Many of this year’s Eurovision entries featured dreamy titles and lyrics. From Azerbaijan’s “Miracle” to Greece’s “Utopian Land“, from Moldova’s “Falling Stars” to Albania’s “Fairytale“, from Israel’s “Made of Stars” to Georgia’s “Midnight Glow“, we were bracing ourselves for the classic happy-clappy, fetch-my-unicorn show that is the Eurovision. On that backdrop, Ukraine’s victory with a dark, self-reflecting “1944” came not only as a surprise but also visibly outside the usual Eurovision format.
Several people have asked me how Ukraine’s obviously politically inspired entry was allowed to participate in a contest that does not tire of emphasising its detachment from politics: indeed, in the past, other performers have been disqualified for attempting to introduce current politics into their lyrics. The answer here lies in the recency of the events in question. Jamala’s “1944” was, according to the singer, covering the historical events of post-war Europe in the 1940s when thousands of Crimean Tatars were sent into exile by the then Soviet leader, Joseph Stalin. Historical political events like that are allowed in Eurovision; never mind that, after a good night’s sleep following her victory, Jamala woke up to realise that the song represented much more recent events in Crimea, too.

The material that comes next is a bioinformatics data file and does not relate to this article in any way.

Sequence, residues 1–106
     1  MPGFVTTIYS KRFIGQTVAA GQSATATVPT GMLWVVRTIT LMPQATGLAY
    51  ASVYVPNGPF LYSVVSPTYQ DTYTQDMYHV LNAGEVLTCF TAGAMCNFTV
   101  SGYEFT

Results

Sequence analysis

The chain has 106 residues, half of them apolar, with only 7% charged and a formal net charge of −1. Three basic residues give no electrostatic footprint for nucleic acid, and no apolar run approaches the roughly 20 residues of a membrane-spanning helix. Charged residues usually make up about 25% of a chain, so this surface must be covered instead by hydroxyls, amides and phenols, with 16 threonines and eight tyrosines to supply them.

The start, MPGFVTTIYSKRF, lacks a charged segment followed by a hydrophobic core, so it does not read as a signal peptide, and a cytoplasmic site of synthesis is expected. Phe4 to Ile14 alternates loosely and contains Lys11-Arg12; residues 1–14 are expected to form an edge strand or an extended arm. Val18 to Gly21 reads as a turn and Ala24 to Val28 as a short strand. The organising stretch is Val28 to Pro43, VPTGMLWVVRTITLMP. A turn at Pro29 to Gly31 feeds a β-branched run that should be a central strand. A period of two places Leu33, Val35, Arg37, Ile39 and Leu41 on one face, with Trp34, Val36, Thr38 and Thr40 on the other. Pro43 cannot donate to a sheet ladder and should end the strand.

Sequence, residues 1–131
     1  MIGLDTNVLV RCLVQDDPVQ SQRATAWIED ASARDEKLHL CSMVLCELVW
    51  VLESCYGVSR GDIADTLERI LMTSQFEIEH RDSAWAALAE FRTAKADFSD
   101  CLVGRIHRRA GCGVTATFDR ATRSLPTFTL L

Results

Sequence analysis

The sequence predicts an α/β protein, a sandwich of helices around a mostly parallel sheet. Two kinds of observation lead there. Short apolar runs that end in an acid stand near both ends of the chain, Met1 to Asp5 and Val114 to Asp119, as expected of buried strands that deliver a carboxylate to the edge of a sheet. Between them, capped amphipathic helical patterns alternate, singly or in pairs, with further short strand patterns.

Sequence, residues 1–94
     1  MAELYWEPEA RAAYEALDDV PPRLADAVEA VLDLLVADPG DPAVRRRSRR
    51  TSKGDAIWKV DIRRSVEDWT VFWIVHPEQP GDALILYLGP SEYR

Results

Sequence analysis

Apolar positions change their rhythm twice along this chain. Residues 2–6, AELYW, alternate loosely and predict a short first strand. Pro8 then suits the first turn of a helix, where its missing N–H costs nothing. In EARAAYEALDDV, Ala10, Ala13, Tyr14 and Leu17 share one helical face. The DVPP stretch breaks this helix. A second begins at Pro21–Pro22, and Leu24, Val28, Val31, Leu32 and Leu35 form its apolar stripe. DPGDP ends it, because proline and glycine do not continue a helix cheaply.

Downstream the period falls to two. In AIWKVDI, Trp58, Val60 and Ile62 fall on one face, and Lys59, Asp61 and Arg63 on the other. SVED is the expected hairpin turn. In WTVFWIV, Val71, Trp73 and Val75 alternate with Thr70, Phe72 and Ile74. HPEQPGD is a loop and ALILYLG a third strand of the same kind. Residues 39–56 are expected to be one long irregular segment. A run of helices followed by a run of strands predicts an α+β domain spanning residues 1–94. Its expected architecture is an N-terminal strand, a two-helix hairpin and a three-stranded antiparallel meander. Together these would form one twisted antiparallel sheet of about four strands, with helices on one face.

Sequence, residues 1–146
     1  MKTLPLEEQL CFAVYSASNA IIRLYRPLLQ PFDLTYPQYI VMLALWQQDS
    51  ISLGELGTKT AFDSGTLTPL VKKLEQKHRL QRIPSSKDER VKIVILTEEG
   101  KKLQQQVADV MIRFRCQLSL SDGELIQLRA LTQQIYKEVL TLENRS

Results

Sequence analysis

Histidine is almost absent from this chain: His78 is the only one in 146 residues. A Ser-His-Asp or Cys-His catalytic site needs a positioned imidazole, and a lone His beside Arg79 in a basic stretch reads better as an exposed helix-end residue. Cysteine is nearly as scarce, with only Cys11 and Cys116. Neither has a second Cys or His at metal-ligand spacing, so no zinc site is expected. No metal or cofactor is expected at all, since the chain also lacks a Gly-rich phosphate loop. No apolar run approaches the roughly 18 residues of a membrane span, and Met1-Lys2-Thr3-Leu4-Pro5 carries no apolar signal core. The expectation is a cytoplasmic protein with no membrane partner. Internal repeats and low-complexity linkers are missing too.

I myself woke up to widespread disappointment felt by Eurovision viewers across the world at this year’s result. The majority have blamed the newly introduced voting system which, albeit different only in the presentation from the previous format, has failed to win hearts. Many of us hope it is not here to stay. Whoever remembers the ephemeral 2010 format change when the viewers were allowed to vote during the entire duration of Eurovision instead of the 15-minute time frame? It proved unpopular and was scrapped shortly after.
In any event, we are now left to look forward to next year’s Eurovision Song Contest in Ukraine – and who knows which new participants we will have there following both China’s and Kazakhstan’s recent interest in joining the EBU. With Australia now an active member, very little can surprise an old Eurovision fan. It is clear though that the contest is growing to be a true international event. Stay tuned to find out!